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Stoichiometry Module 6. Mole Relationships in Chemical Equations You do not always have stoichiometry problems where you are given the reactants and then.

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Presentation on theme: "Stoichiometry Module 6. Mole Relationships in Chemical Equations You do not always have stoichiometry problems where you are given the reactants and then."— Presentation transcript:

1 Stoichiometry Module 6

2 Mole Relationships in Chemical Equations You do not always have stoichiometry problems where you are given the reactants and then asked for the product. You might be given the product and asked for the reactant.

3 Example Prob #1 2NaNO 2 + O 2  2NaNO 3 How many moles of oxygen gas must you use in order to make 15.0 moles of NaNO 3 ? NaNO 2 ?

4 Limiting Reactants and Excess Components Limiting reactant: the reactant in the equation that runs out first! This means that we only need to know the quantity of the limiting reactant because it will determine how much product can be formed in any reaction

5 Example Prob #2 The first step in the process that converts iron ore into pure iron involves converting iron ore into iron oxide. 4FeS O 2  2Fe 2 O 3 + 8SO 2 Iron ore Iron Oxide  If an iron manufacturer starts with 1,256.0 moles of iron ore, how many moles of oxygen will be needed to react completely with the iron ore? How may moles of iron oxide will be made?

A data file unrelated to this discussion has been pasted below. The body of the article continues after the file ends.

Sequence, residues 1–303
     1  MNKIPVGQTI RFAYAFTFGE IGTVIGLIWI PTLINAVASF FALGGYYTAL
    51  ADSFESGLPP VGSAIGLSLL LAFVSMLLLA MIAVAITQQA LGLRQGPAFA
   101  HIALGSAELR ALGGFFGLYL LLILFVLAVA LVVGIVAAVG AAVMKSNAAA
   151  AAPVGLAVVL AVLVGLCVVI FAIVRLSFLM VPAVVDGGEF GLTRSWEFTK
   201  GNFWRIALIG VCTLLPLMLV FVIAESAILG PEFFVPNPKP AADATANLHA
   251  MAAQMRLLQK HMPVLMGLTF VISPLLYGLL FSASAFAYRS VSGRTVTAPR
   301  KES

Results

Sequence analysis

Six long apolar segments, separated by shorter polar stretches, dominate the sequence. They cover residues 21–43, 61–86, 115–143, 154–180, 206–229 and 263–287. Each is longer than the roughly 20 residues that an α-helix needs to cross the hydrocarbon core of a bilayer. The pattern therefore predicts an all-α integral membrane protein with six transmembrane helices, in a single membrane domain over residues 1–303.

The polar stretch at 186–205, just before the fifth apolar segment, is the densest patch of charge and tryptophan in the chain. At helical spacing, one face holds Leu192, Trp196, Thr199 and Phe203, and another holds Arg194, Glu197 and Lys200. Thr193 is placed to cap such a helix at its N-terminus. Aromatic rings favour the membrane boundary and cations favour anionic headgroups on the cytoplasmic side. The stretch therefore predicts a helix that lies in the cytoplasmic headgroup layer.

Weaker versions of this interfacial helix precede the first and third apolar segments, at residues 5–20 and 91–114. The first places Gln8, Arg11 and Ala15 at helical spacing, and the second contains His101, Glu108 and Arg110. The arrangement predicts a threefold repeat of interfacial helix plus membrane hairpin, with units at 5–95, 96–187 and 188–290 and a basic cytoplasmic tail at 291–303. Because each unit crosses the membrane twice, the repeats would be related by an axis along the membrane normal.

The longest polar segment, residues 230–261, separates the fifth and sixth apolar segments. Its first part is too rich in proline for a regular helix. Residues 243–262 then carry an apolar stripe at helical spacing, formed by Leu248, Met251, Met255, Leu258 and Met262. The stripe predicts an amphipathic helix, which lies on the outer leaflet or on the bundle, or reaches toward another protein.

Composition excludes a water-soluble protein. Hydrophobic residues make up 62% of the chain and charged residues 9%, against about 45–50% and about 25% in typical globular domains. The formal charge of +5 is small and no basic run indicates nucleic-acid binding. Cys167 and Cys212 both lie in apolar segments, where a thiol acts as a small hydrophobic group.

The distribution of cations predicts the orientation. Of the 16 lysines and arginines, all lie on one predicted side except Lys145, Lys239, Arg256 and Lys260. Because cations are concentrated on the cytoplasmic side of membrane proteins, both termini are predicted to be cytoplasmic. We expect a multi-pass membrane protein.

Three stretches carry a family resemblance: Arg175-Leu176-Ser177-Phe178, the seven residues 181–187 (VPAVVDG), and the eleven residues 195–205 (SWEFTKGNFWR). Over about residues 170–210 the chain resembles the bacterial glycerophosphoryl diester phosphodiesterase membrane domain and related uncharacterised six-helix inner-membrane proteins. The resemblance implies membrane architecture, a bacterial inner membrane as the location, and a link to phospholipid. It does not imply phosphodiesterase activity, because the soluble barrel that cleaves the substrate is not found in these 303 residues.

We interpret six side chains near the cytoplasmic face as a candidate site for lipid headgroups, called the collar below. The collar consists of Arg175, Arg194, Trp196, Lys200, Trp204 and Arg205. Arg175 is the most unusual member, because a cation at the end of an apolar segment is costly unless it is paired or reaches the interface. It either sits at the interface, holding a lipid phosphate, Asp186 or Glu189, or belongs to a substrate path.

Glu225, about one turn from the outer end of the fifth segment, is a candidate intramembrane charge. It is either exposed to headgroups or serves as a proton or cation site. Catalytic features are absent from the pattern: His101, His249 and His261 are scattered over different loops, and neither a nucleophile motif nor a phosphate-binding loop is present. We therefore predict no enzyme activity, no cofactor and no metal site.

6 Relating Products to Reactants in Chemical Equations How do we know how much of a reactant we need to make a certain amount of product? We need to find out the minimum reactants needed to reach our desired product.

7 Example Prob #3 Citric acid (C6H8O7), a component of fruit drinks, jams, and jellies, is produced using the following reaction: C 12 H 22 O 11 + H 2 O + 3O 2  2C 6 H 8 O 7 + 4H 2 O If a fruit drink manufacturer decides she needs 1.4 x 10 5 moles of citric acid, what is the minimum reactants?

8 Limiting Reactant is Identified Stoichiometry can be used to determine the products when the limiting reactant is given!

9 Excess Reactant Excess Reactant: when a chemist adds a lot of extra reactant to make sure that the other reactant is the limiting reactant

10 Example Prob #4 Calcium chloride 6-hydrate (CaCl 2 H 12 O 6 ) is a substance used to melt snow on streets and sidewalks. It is made from calcium carbonate (CaCO 3 ) using the following reaction: CaCO 3 + 2HCl + 5H 2 O  CaCl 2 H 12 O 6 + CO 2 If 3.49 moles of HCl are added to excess CaCO 3 and excess water, how many moles of calcium chloride 6-hydrate will be made?

11 Stoichiometric Coefficients the number of molecules which participate in the reaction as written 2H 2 + O 2  2H 2 O

12 Gay-Lussac’s Law The stoichiometric coefficients in a chemical equation relate the volume of gases in equation as well as the number of moles of substances in the equation REMEMBER: This law can only be used in problems that only have gases!!!

13 Example Prob #5 A chemist decides to produce carbon dioxide gas using the following reaction: Na 2 CO 3 (s) + 2HCl (g)  2NaCl (s) + CO 2 (g) + H 2 O (g) If the chemist wants to make 3.67 liters of CO 2 gas, how many liters of HCl gas must be used?


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